Title: Obsidian and Stars
Author: Julie Eshbaugh
Series: Ivory and Bone #2
Genre: Teen Fiction
Rating: 2.5/5 stars
The Overview: After surviving the chaotic battle that erupted after Lo and the Bosha clan attacked, now Mya is looking ahead to her future with Kol. All the things that once felt so uncertain are finally falling into place. But the same night as Kol and Mya’s betrothal announcement, Mya’s brother Chev reveals his plan to marry his youngest sister Lees to his friend Morsk. The only way to avoid this terrible turn of events, Morsk informs Mya when he corners her later, is for Mya to take Lees’ place and marry him herself. Refusing to marry anyone other than her beloved, and in an effort to protect her sister, Mya runs away to a secret island with Lees. And though it seems like the safest place to hide until things back home blow over, Mya soon realizes she’s been followed. Lurking deep in the recesses of this dangerous place are rivals from Mya’s past whose thirst for revenge exceeds all reason. With the lives of her loved ones on the line, Mya must make a move before the enemies of her past become the undoing of her future. -Goodreads
If you caught my recent review of Ivory and Bone, you’ll remember me saying I really enjoyed the book, but had a few issues with the logistics feeling a bit forced. Eshbaugh was modeling the story after Pride and Prejudice, trying to follow the same basic storyline. My hope going into Obsidian and Stars was that it would feel a little more organic and free-flowing – which it actually did. The trouble is, I found a different set of issues to complain about long the way…
Obsidian and Stars lost a bit of the magic that made Ivory and Bone so unique. The creative story construction in I&B around an atypical narrative was my favorite part – it was presented as recounting, where a boy told the girl his perspective from the point when they first met. It was so cool! In O&S, however, the POV switched to straightforward first-person. There was also very minimal cultural immersion, which took away the other element that set Ivory and Bone apart. The one consistency I can praise is Eshbaugh’s beautiful writing voice – if I finish the series, it might be for that alone.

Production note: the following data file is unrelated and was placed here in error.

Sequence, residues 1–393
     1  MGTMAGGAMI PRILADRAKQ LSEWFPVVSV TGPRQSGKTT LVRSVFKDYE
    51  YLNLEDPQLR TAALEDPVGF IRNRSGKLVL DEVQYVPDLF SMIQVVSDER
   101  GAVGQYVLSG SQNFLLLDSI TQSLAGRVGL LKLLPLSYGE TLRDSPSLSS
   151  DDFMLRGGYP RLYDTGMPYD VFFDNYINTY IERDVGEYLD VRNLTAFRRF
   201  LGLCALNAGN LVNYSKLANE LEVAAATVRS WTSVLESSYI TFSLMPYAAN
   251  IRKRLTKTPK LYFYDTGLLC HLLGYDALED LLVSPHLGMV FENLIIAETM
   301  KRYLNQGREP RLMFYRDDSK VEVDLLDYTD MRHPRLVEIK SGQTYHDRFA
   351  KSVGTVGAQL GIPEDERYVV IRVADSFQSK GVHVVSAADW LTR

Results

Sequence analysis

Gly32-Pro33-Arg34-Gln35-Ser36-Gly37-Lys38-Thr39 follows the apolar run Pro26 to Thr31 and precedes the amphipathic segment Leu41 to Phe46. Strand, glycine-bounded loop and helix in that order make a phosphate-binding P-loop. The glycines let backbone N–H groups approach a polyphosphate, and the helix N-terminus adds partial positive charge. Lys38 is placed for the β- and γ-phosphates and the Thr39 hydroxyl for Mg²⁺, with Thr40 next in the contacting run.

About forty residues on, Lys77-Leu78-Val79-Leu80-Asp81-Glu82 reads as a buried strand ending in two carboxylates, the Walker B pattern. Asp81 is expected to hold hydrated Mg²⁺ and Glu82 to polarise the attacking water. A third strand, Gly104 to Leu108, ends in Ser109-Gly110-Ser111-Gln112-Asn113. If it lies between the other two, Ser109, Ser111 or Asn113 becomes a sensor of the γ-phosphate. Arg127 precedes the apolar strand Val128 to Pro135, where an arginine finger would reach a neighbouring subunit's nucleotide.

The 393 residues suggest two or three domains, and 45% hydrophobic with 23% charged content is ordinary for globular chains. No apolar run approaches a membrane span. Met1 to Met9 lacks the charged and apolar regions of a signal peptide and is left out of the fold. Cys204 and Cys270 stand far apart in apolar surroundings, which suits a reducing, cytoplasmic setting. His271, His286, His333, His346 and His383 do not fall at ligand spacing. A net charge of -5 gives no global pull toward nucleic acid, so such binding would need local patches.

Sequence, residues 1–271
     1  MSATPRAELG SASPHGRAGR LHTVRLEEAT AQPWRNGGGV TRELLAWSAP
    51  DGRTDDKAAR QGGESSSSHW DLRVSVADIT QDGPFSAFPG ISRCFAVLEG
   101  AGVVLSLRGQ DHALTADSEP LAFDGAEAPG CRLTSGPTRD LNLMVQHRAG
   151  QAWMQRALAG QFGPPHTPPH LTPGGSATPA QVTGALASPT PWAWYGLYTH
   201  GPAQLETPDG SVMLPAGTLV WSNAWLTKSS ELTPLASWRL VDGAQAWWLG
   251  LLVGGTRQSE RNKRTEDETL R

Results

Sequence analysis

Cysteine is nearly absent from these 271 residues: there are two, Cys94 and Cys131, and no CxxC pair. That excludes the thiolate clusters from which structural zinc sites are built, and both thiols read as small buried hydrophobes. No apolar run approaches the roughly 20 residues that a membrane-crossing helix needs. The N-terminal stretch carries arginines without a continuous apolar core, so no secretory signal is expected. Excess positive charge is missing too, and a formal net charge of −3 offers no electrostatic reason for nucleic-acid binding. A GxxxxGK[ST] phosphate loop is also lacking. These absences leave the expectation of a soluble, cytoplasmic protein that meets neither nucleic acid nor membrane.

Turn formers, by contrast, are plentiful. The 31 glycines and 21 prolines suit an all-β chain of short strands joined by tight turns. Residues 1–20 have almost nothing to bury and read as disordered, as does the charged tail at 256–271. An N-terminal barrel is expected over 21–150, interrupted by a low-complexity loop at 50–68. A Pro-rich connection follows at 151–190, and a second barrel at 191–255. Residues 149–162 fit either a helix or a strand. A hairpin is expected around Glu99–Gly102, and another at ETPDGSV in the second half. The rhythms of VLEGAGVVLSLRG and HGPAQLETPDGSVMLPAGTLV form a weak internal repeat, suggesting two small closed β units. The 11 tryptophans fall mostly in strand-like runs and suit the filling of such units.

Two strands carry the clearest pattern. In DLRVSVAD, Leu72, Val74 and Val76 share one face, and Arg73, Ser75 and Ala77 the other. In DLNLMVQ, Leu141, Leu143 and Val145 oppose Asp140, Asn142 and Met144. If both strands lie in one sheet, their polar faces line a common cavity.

My biggest issue, however, were the conflicts.
Most of the obstacles the character faced in Obsidian and Stars were caused by what I viewed as bad decision-making and a general lack of common sense… almost to an infuriating degree. Because of this, I felt very un-invested for most of the novel while they ran around fixing these self-induced problems (most of which also felt incredibly unfeasible – the juxtaposition between teen angst toleration and the harsh realities of prehistoric life are pretty laughable. I overlooked it in I&B, but I lost patience in the second). Furthermore, all of the remaining conflicts were so similar to what happened in the first book that I found myself losing interest even further to the point where it was a struggle to finish.
I’d really hoped the second book would’ve taken the story beyond the narrow framework of the first and really expanded on this cool setting. Despite my disappointment with Obsidian and Stars, I like Eshbaugh’s writing voice and the basic components to her story well enough that I might still pick up the third book when it comes out in 2018. I’m just really hoping when I do I’ll see stronger conflicts and a heavier focus on the things that make this series special.
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